‘This will give drivers consistency, continuity and therefore confidence that their first or only car can be electric.’
Mr Cooper estimates that if everyone in the UK switched to EVs overnight, peak demand would only increase by around 10 per cent.
He says this would be ‘well within the range of manageable to load fluctuation’.
That said, the timing of when these spikes in demand are likely to come will be a bigger problem for the grid.
‘More complicated is the issue of when power demand actually happens,’ Graeme explains.
‘Smart chargers that encourage consumers to charge outside of peak times could play a key role here.
‘Smart charging will enable drivers to access the cheapest and cleanest energy.’
Mr Cooper estimates that if everyone in the UK switched to EVs overnight, peak demand would only increase by around 10%
More complicated for the grid will be the issue of when power demand actually happens
Energy providers can introduce ‘smart charging’ incentives to encourage people to plug their EVs in outside of peak times.
This can be done with simple peak and off-peak electricity tariffs.
One example is the ‘Economy 7’ plan – a tariff provided by UK electricity suppliers that uses base load generation to provide cheap off-peak electricity during the night.
Another solutions is to incentivise electric car owners to charge when there is more low carbon electricity available and ‘normal’ demand is low. This would be done in a more sophisticated manner using smart meters and technology.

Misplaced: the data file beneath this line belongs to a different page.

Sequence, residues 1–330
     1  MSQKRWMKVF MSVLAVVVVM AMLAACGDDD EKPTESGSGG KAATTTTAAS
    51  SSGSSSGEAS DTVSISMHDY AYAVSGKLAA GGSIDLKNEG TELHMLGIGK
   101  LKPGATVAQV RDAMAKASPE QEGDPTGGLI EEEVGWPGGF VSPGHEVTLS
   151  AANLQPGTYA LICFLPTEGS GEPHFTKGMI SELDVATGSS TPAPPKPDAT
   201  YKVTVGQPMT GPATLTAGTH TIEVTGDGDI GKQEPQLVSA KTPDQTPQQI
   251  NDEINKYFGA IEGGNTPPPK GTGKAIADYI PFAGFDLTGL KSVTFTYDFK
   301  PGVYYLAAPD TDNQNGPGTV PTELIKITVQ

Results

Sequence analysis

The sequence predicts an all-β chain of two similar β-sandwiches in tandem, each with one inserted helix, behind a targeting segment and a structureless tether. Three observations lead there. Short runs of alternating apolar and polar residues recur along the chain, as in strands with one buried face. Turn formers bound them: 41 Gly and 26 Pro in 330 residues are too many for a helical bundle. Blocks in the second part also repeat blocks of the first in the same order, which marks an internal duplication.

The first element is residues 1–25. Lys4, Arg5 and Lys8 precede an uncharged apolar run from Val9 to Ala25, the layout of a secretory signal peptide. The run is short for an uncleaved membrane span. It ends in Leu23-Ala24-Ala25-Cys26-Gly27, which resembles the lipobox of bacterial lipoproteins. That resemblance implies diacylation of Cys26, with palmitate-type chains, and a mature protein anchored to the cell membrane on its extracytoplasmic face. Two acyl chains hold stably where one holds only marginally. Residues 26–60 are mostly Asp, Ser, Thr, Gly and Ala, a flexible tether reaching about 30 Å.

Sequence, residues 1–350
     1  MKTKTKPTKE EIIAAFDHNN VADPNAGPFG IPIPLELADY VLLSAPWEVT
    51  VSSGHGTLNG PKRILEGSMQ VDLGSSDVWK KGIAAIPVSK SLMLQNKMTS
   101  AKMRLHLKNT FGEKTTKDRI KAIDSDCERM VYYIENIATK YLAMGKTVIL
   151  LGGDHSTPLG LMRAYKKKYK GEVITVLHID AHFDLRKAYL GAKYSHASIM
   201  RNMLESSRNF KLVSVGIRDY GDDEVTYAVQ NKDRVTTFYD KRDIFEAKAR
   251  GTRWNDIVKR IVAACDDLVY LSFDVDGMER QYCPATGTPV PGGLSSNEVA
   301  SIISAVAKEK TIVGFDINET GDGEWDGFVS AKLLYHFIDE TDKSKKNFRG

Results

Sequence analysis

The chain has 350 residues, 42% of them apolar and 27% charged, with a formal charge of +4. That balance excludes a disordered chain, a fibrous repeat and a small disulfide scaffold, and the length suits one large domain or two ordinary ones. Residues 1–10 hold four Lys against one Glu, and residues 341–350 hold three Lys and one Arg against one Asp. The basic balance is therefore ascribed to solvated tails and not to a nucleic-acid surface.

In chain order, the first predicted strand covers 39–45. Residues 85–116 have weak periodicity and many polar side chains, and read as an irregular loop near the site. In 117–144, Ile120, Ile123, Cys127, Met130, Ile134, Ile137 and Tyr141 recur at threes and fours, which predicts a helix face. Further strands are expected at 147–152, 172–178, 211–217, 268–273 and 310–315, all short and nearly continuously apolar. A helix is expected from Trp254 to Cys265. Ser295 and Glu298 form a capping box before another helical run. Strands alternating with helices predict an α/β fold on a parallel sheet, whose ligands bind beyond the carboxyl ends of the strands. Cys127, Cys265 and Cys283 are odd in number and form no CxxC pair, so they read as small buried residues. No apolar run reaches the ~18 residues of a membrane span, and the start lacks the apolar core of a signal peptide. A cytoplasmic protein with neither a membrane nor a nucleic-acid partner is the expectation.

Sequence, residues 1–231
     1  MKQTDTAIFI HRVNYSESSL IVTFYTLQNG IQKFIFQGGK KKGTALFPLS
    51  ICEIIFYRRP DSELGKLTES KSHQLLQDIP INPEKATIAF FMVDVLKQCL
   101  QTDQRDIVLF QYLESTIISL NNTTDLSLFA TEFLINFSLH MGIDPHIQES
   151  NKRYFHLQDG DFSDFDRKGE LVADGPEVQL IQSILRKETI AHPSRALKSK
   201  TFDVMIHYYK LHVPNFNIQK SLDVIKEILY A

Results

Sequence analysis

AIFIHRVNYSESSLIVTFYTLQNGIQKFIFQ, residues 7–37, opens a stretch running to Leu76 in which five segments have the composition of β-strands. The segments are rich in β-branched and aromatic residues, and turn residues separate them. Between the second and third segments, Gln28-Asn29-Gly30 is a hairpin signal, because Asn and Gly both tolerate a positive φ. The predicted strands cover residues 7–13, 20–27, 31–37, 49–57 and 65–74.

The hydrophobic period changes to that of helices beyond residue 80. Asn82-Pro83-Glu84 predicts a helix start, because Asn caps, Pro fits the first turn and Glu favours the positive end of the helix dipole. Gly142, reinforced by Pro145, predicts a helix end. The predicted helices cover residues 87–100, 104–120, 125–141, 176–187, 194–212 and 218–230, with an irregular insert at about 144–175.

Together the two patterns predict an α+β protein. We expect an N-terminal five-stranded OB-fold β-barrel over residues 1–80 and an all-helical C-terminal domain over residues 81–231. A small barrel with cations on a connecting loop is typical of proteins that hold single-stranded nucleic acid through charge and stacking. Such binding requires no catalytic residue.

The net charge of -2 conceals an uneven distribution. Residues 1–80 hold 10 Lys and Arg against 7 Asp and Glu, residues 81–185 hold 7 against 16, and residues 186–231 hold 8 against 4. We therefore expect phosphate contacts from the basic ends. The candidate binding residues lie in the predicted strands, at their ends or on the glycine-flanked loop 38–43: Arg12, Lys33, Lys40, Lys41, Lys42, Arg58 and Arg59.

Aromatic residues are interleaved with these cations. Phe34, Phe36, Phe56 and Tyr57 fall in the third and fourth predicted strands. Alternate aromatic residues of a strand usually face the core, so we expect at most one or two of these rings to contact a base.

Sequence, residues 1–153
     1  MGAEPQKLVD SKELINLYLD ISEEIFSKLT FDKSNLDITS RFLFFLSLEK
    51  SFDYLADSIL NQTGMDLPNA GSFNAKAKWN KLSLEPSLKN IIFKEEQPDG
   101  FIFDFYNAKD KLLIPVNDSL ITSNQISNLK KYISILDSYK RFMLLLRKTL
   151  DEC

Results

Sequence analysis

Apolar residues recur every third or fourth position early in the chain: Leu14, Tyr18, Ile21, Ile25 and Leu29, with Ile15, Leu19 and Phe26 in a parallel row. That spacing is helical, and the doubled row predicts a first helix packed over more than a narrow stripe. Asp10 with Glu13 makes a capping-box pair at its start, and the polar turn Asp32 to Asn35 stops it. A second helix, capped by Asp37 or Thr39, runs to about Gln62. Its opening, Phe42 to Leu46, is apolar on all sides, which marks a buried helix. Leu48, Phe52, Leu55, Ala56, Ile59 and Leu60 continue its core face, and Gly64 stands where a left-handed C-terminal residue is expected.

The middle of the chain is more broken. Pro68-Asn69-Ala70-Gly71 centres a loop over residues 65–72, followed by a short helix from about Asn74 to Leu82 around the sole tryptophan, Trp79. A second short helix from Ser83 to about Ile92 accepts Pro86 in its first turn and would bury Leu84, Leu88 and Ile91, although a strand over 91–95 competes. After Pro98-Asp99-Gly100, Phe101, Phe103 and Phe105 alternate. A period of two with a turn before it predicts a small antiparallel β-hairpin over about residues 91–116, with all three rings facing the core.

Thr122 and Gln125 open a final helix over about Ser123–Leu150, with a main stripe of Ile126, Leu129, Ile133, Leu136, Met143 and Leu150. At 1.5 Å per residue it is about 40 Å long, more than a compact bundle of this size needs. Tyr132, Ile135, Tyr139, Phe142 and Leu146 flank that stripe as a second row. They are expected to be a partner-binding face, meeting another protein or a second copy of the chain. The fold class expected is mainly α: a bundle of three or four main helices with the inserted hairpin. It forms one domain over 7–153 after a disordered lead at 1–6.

“If everyone in the UK switched to EVs overnight, peak demand would only increase by around 10% – well within the range of manageable to load fluctuation
Graeme Cooper, National Grid
While National Grid has identified some potential issues it faces, energy experts say the shortened ban date for new petrol and diesel cars opens the door for a surge in clean power generation to go hand-in-hand with the widespread EV rollout.
Ambitious estimates suggest there could be over 11million electric vehicles on UK roads by 2030, compared with just 375,000 plug-in-cars today.
Jonny Marshall, head of analysis at the Energy and Climate Intelligence Unit (ECIU) says that electrification of transport on this scale – alongside widespread uptake of smart charging – will open up huge opportunities to ‘fundamentally reshape Britain’s power system’.